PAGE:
FIG. 1 is a block diagram showing a multi-functional blood pressure monitor according to an embodiment of the invention;
FIG. 2 is a flowchart showing the sequence of steps involved in the operation of the multi-functional blood pressure monitor shown in FIG. 1; and
FIG. 3 waveforms for illustrating the pulse wave propagation time.
The basic concept of the present invention will be first described.
Among blood pressure monitors operating on the non-invasive approach, one that measures blood pressure using the pulse wave propagation velocity (the time required for a pulse wave to travel a given distance) is known. The theory of blood pressure measurement from the pulse wave propagation velocity is as follows.
The pulse wave propagation time is first explained. In peripheral blood vessels as in a finger or an ear, a bottom of a pulse wave appears later than a bottom of an aortic pressure (see FIG. 3). The time of this delay is called the "pulse wave propagation time".
The pulse wave propagation velocity corresponding to the time required for a pulse wave to travel a given distance is expressed as a function of the volumetric elasticity of a blood vessel of interest. As blood pressure rises, the volumetric pressure of the blood vessel increases and this is why the variation in blood pressure can be determined from the pulse wave propagation velocity.
Before using a blood pressure monitor that operates on the pulse wave propagation time, it is necessary that actual blood pressure be measured by another method such as one using a cuff so that the results of this measurement are employed as a reference for calibration purposes. To obtain calibration data, blood pressure and pulse wave propagation time are measured under two different conditions, for example, at rest and under exercise stress.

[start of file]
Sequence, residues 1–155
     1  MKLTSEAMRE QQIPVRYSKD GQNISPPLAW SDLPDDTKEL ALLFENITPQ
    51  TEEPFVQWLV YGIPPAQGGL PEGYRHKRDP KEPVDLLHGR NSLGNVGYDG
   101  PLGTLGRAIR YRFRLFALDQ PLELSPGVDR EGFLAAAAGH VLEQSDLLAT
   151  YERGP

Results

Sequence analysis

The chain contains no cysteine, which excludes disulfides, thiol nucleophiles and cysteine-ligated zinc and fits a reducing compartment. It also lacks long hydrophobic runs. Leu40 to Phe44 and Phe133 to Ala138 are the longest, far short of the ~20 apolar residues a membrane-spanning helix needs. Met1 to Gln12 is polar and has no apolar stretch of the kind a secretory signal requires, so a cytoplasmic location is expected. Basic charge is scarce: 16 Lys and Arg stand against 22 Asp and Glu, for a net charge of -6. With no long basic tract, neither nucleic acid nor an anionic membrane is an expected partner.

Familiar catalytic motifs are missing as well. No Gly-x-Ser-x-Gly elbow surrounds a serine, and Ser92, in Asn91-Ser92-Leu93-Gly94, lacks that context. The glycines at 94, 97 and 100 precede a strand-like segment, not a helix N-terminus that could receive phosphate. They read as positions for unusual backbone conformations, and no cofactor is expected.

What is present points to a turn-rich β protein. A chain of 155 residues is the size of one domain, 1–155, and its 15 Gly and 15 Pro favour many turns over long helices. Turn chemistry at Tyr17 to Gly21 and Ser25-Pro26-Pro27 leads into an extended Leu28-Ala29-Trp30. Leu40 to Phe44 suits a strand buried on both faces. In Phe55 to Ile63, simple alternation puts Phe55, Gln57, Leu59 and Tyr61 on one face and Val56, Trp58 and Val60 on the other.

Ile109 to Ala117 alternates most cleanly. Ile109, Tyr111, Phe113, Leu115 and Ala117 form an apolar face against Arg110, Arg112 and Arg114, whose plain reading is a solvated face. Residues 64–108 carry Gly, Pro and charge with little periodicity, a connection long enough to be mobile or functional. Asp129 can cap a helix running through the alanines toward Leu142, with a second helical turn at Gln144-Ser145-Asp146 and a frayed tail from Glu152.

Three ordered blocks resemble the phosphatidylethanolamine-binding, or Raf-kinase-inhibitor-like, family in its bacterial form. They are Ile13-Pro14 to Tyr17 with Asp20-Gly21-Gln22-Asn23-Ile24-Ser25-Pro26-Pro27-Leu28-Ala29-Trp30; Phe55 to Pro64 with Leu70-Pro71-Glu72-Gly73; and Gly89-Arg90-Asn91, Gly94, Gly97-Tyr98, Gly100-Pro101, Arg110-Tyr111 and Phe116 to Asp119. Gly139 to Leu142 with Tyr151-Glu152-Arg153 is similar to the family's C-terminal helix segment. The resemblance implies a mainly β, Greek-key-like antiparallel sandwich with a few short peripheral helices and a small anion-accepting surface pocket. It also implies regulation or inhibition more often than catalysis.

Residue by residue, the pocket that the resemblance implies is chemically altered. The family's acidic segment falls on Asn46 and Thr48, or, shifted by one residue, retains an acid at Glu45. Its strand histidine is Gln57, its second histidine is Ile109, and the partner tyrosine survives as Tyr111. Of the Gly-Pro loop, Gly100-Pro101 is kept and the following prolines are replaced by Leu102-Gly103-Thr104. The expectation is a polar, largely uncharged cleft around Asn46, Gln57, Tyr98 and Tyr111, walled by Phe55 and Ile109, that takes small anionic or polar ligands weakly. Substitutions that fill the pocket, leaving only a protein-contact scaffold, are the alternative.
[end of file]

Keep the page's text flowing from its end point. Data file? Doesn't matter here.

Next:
Let us write the blood pressure and the pulse wave propagation time at rest as P1 and T1, respectively; the respective values under exercise stress as P2 and T2; and two parameters characteristic of the subject as α and β. Then, the two values of blood pressure P1 and P2 are given by:
Hence, α and β can be computed by substituting the measured values of P1, T1, P2 and T2 into eqs. (1) and (2). Once α and β are determined, the blood pressure of the subject can be known by merely measuring the pulse wave propagation time. It should be noted that two different values of blood pressure need not necessarily be measured at rest and under exercise stress but on any occasions where two different values of blood pressure will appear.
Parameter α obtained for the calibration reflects the stiffness of the blood vessel of interest and can be used as an index for the degree of arteriosclerosis.
Therefore, if the value of blood pressure as determined from the pulse wave propagation time is indicated simultaneously with the value of parameter α, one can access the result of blood pressure measurement simultaneously with the degree of arteriosclerosis.
In the following, the principle of the present invention, that is, the facts that pameter α can be used as an index for the degree of arteriosclerosis, or parameter α relates to the volumetric elasticity of a blood vessel, will be described in more detail.
 Relation between volume (V) of a blood vessel and blood pressure (P)
According to the article "On the pressure-volume relationship in circulatory elements" by H. H. Hardy et al., Med. & Biol. Eng. & Comput., 1982, 20, 565-570, as general properties of a blood vessel, since dV/dP (expansion property) tends to zero as P increases,
dV/dP=κ(Vm -V) (i)
κ: constant determined by elastic property of blood vessel wall and surrounding tissue
Vm : maximum volume of blood vessel From equation (i),
V=Vm (1-κ0 ·exp (-κP)) (ii)
Where, κ0 represents a ratio between a maximum volume of a blood vessel and a volume of the blood vessel changed with the change of the blood pressure (the range of the change is from P=0 to that at which the blood vessel reaches the maximum volume).